A short 193 mile drive down the road, found us in the Republic of Ireland and Dublin.
I wish I could say I loved Dublin as much as I loved Belfast, but I didn't. And I'm note sure if my expectations were too high from what I'd heard and read, or maybe Belfast really was just too tough an act to follow, but Dublin for me as it turns out, was just ... OK.
It was rowdy and in your face and as big city as any out there, but it just didn't seem to have that vibe that I was looking for. Maybe it would of helped if we had been able to stay in the city like we had planned so we could check out a pub or two for some pints, but it turned out to be a long weekend and a rugby final was also happening that day in the city so it was jammed with people and there were no hotel rooms to be found anywhere.
We were lucky to find a B & B at the airport, 30 minutes outside of town.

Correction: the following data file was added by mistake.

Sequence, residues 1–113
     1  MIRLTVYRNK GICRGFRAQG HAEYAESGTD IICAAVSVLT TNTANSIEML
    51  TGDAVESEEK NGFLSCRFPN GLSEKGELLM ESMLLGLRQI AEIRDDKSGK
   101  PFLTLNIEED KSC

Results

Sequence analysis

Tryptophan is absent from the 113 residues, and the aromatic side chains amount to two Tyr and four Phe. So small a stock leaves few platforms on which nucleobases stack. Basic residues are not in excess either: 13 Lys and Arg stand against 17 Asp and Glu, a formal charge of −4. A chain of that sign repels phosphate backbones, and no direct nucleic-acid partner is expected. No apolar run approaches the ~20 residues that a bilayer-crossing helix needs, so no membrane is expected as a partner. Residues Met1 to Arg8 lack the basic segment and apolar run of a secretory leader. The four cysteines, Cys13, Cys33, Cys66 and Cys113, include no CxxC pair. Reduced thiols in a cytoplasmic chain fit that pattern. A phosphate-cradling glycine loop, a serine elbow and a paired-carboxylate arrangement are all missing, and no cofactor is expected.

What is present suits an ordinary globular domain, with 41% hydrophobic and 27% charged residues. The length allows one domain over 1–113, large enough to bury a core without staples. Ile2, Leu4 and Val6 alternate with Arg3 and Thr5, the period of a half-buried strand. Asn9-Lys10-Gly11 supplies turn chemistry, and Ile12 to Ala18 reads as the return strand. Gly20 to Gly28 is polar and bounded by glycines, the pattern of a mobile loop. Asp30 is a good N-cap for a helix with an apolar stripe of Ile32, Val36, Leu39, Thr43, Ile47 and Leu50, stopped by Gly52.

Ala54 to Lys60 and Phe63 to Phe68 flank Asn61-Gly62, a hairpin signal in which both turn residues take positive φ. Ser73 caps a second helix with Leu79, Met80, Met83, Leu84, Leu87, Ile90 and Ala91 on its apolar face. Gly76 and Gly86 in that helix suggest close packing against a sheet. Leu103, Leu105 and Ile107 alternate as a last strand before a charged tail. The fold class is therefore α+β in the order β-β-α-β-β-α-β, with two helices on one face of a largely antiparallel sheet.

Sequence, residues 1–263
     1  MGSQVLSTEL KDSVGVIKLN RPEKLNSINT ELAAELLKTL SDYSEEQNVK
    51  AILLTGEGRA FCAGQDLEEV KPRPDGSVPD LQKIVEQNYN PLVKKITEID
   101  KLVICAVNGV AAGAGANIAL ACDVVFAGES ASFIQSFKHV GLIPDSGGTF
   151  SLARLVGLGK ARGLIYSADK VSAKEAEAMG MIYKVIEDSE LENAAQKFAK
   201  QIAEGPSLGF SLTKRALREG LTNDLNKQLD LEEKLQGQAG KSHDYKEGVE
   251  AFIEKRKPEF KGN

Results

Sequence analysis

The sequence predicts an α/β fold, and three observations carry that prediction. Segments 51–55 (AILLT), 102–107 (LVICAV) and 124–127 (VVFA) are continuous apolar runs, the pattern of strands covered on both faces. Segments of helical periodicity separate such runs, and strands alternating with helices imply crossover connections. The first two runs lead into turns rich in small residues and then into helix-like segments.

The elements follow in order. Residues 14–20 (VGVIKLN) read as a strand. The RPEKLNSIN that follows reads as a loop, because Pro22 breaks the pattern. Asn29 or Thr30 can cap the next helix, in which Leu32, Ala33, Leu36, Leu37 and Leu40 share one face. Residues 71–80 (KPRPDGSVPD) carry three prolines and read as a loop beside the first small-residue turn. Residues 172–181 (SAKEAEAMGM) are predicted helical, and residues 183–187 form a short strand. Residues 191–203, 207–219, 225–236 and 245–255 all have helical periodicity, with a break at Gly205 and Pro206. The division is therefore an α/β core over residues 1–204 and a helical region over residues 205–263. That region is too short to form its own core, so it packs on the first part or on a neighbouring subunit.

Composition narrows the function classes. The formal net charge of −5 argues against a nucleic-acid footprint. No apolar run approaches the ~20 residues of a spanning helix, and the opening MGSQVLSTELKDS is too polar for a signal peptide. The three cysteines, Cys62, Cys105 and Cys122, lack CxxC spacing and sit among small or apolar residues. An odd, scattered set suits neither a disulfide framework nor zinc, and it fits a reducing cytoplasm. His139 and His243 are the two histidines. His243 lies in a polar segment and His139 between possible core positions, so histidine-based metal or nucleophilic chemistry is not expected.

So we drove into town, parked the car and started walking.
My wife got to see the Book of Kells, some say Ireland's finest national treasure, a book written by monks in 800 A.D. containing the the four Gospels of The New Testament but the actual library that holds The Book of Kells, located in the famed Trinity College, I found much more fascinating.
The only other place a sphere such as this one can be found, is in Vatican City.
And as much as I wanted to try my first Guinness, or sample some scotch, I'm just not that guy.
But I did manage to have a pint at The Clarence Hotel, which happens to be owned by the band, U2.
Strolling through the city.
Shots from our fourth Hop On, Hop Off bus tour, around Dublin the next day.
The famed Guinness brewery.
In North America, we transport our beer in bottles or cans. In Ireland, they do things a little differently.
Next stop, the west coast of Ireland.